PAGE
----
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I view the reconstruction argument like this.
Reconstruction is part of restoration, without it restoration of damaged photos would be impossible. If you use clone once, you have used reconstruction. If you put eyes on the middle child by using a reference image or symmetrical grafting, you would still be using reconstruction. How far you take the reconstruction is your choice. Those guidelines clearly state that reconstruction within a restoration is acceptable.
2.0.2 After-acquired damage, deterioration or injury may be repaired, provided the repair is executed consistent with the principles set forth in these guidelines.
3.0.4 Reference Reconstruction: A damaged element may be reconstructed by grafting from a reference image that is a fair representation of the damaged element. Reference reconstruction should be used cautiously and care should be taken to ensure that any reference image is a reliable match.
If you look at an example of RESTORATION from that very same site, you will see that reconstruction has been used, and they call it "Grade 5 restoration". Not only that but extra hair has been added to the left side of the face, and something hanging from the hat as well. Yet the title of the page is Restoration, should that be Reconstruction??????
http://www.digitalcustom.com/post/restoration.asp

Nobody can ever claim to be right on this matter, as each person has a level that they stop restoration/reconstruction.
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  #28  
Old 05-05-2005, 01:39 AM
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Gary Richardson Gary Richardson is offline
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My only comment here, is that the guidelines from Jaime's link refer to archival images, where the motives for restoring may not be the motives of a client.

Context is all. An archival picture is a historical document, and retaining its integrity is of prime importance. Whereas a restoration done for a client may not have to stick so rigidly to such guidelines.
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  #29  
Old 05-05-2005, 01:52 AM
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Good point
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  #30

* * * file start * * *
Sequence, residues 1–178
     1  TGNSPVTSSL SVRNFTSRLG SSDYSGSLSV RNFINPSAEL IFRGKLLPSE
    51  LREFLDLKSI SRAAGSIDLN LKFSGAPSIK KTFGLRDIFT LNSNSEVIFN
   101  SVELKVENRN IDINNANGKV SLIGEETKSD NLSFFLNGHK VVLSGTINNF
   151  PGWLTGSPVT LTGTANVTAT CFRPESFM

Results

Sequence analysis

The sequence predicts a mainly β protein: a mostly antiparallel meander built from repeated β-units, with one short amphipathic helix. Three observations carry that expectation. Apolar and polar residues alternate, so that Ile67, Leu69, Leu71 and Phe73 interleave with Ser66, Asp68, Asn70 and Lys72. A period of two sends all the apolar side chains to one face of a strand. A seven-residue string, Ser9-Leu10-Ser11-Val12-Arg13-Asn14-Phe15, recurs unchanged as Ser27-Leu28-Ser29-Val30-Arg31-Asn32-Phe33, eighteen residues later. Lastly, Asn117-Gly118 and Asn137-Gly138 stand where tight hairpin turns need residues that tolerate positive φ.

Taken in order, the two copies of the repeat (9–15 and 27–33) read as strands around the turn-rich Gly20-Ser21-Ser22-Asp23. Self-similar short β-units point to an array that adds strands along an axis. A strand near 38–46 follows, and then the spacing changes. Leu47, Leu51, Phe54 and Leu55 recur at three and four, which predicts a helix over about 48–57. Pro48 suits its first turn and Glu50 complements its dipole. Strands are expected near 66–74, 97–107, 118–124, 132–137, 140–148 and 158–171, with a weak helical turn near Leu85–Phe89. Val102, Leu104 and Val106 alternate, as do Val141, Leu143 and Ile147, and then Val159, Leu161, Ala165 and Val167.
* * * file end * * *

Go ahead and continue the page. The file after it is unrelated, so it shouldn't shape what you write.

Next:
Old 05-05-2005, 02:08 AM
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Roland is right, unless a perfectly conserved second print of a picture exists, there is no way to 'go back to' or even to know what an 'original' was really like since 'the original' doesn't exist anymore ....

Even before reading the 'Ethics Guidelines for the purpose of digital photo restoration, repair and reconstruction' (thank you very much for the link, Jamie!) I always felt very strongly (and still do) about changing, adding or removing anything just because I didn't like it or I didn't like the 'original' composition of a picture ....

I have bored people to death with my 'quest' for 'looking for/bringing out/enhance' any detail however faded, faint etc. I could make out in a damaged picture .... but, if some 'vital' detail is damaged beyond recognition, following what I read on books about restoration or what information on this topic I found in Internet, if possible, I do 'borrow'....

Going back to Roland's car example I agree that for the 'well-documented' one we could use the term 'restoration' without any doubt ... while for the 'unknown origin' one 'fix' would be more appropriate ... but fixing the second car by replacing a missing unknown engine doesn't also mean 'restore' its 'presumed original' functionality? In other words ... are 'fixing' and 'restoring' mutually exclusive?

I think and accept that each one of us has a different 'flexibility of interpretation' for what 'guidelines' are concerned .... (otherwise we should also clear how exactly everyone understands the term 'guideline' as opposed to 'rule' ... )

But is it really necessary here? .... Why not simply enjoy these contests which should be fun for everybody ... where partecipants will do their best, compare notes with the others, and vote, rightly so, according to their taste anyway?

I, for one, vote for Dave's "DO keep the sand out of your shorts when you get there!" ...